Early diagnosis is key to successful treatment. Screening tests for pancreatic cancer include bloodwork, endoscopy, CT scans, MRI scans, ultrasound, and biopsies. Targeted therapies are being developed that block specific proteins vital to the growth of cancer cells. Immunotherapies involve using the immune system to attack cancer cells. Researchers continue to explore new ways to improve existing treatments and discover new ones.
There are three major treatment options available for PC: surgery, chemotherapy, and radiation therapy.
Surgery is the best option for early-stage PC. Surgical resection removes the entire affected organ. However, even after the successful removal of the tumor, the risk of recurrence remains high.
Chemotherapy uses drugs to kill rapidly dividing cells, including those found in tumors. Commonly used chemotherapeutic agents include gemcitabine, 5-fluorouracil, capecitabine, irinotecan, oxaliplatin, leucovorin calcium, and fluorouridine. Although chemotherapy can shrink tumors, it does not eliminate them completely.
Radiation therapy uses high-energy x-rays to destroy cancerous cells. It is used to treat locally advanced pancreatic cancer. It alone rarely cures PC. When combined with chemotherapy, however, radiation therapy may improve patient outcomes.
What Are the Rates of Survival for Pancreatic Cancer?
Survival rates vary depending on the stage of the disease. For localized pancreatic cancer, the five-year survival rate is approximately 30%. Five-year survival drops to less than 5% for metastatic pancreatic cancer.
Survival rates for pancreatic cancer depend on the stage of cancer. For localized PC, the five-year survival rate is approximately 20 percent. In regional PC, the survival rate is between 15 and 25 percent. For distant PC, the overall survival rate is less than 5 percent.
Is There Any Cure for Pancreatic Cancer?
There is currently no known cure for pancreatic cancer. Palliative care focuses on relieving symptoms such as pain, nausea, and constipation. Although PC is highly aggressive, sometimes it is curable. Many patients survive longer than expected due to advances in medical technology. By using targeted therapies, doctors can slow the growth of PC cells and prevent them from spreading throughout the body.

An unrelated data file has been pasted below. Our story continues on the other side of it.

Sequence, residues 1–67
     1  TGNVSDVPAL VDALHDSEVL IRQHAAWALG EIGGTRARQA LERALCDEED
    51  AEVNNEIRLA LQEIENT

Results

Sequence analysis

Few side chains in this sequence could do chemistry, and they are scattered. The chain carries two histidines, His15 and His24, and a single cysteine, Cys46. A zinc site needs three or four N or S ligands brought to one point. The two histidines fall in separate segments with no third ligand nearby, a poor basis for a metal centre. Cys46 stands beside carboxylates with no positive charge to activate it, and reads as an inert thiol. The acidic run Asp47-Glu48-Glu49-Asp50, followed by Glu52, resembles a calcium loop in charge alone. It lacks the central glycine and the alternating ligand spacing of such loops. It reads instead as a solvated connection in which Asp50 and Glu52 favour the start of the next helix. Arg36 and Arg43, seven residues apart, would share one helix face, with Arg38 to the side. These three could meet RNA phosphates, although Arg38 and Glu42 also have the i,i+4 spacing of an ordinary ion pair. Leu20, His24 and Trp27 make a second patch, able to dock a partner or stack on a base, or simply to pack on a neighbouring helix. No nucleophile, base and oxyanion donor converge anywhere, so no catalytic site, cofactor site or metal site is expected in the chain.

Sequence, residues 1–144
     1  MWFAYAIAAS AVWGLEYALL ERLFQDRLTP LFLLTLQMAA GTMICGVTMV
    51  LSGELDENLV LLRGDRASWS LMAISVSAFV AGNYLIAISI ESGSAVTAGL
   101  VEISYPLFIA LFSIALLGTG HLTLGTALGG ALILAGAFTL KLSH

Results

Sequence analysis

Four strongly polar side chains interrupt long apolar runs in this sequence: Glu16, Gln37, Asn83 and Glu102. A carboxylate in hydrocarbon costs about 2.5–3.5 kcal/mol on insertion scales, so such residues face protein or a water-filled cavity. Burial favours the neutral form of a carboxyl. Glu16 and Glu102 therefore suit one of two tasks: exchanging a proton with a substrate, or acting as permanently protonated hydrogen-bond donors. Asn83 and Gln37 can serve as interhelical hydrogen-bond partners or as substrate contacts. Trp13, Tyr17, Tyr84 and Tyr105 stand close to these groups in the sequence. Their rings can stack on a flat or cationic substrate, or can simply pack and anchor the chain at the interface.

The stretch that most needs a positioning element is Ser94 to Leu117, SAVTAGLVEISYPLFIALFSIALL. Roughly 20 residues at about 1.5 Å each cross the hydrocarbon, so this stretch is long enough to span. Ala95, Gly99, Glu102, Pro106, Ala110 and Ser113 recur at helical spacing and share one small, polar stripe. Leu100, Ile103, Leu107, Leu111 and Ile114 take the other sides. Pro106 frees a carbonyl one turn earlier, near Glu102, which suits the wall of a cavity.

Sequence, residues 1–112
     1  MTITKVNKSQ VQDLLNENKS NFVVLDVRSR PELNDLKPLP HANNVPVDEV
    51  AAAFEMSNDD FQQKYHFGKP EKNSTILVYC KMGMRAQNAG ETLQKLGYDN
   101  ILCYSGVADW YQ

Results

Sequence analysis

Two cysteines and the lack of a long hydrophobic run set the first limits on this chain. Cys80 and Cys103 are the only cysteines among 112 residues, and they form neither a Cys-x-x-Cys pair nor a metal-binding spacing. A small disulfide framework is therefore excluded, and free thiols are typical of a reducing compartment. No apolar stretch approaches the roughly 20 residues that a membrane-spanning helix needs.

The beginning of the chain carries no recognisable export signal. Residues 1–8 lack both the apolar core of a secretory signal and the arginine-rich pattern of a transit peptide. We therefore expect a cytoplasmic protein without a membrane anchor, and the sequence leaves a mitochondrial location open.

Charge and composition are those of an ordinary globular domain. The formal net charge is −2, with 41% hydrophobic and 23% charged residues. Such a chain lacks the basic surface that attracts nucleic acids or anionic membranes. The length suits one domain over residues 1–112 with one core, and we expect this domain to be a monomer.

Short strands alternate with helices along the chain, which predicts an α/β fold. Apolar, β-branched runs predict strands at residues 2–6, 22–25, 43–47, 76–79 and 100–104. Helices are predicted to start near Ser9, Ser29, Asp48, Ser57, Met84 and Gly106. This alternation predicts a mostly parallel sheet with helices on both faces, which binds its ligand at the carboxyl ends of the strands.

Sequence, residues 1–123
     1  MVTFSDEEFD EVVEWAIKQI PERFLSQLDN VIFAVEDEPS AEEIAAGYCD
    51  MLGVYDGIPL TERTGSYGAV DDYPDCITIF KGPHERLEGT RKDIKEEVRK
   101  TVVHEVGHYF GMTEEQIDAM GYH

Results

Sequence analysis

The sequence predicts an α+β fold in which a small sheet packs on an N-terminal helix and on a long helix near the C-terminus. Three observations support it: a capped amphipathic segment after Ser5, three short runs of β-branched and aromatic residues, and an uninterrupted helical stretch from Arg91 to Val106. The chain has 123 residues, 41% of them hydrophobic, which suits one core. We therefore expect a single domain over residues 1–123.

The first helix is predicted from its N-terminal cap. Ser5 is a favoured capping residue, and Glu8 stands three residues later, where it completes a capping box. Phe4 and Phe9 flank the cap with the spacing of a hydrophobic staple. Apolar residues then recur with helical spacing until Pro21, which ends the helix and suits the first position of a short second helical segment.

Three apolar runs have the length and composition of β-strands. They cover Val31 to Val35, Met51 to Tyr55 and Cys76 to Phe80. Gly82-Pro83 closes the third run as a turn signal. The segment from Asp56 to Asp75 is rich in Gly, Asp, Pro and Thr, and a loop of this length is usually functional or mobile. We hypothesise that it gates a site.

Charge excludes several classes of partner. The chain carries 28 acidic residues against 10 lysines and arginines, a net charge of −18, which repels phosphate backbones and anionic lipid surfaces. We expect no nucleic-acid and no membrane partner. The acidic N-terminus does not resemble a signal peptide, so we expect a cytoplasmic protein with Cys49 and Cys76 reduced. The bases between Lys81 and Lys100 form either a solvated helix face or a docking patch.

Pancreatic Cancer Patients Live Longer Than Usual Life Expectancy
According to the American Cancer Society (ACS), pancreatic cancer patients live longer than usual life expectancy. In fact, they have a median survival rate of just over 6 months after diagnosis. However, some people do survive much longer than average. According to the ACS, about 5% of pancreatic cancer patients live at least five years after their initial diagnosis as mentioned above.
Pancreatic Cancer Is More Common Among Men
Men are twice as likely to develop pancreatic cancer as women. While men make up only roughly 50% of the population, they account for almost 70% of cases. Women tend to develop pancreatic cancer later in life and often die younger than men.
Early Diagnosis Leads To Better Treatment Outcomes
Early detection of pancreatic cancer can lead to improved outcomes. If the tumor is detected early enough, then it is possible to remove the tumor before it spreads to nearby organs and causes damage. Unfortunately, many tumors are discovered late due to a lack of symptoms. By the time symptoms appear, the tumor has already spread throughout the body.
Surgery May Not Always Be An Option
Surgery is the primary treatment option for pancreatic cancer. However, surgery alone does not always work. Many times, the tumor remains in place, leaving behind microscopic amounts of residual cancer cells. These remaining cells continue to grow and cause metastasis. Therefore, surgical removal of the tumor is not always successful.
There are many factors that can lead to the development of PC. There is no way to tell who will develop pancreatic cancer. People with a family history of PC are more likely to get it than someone who does not have a family history. Other risk factors include smoking cigarettes and drinking alcohol.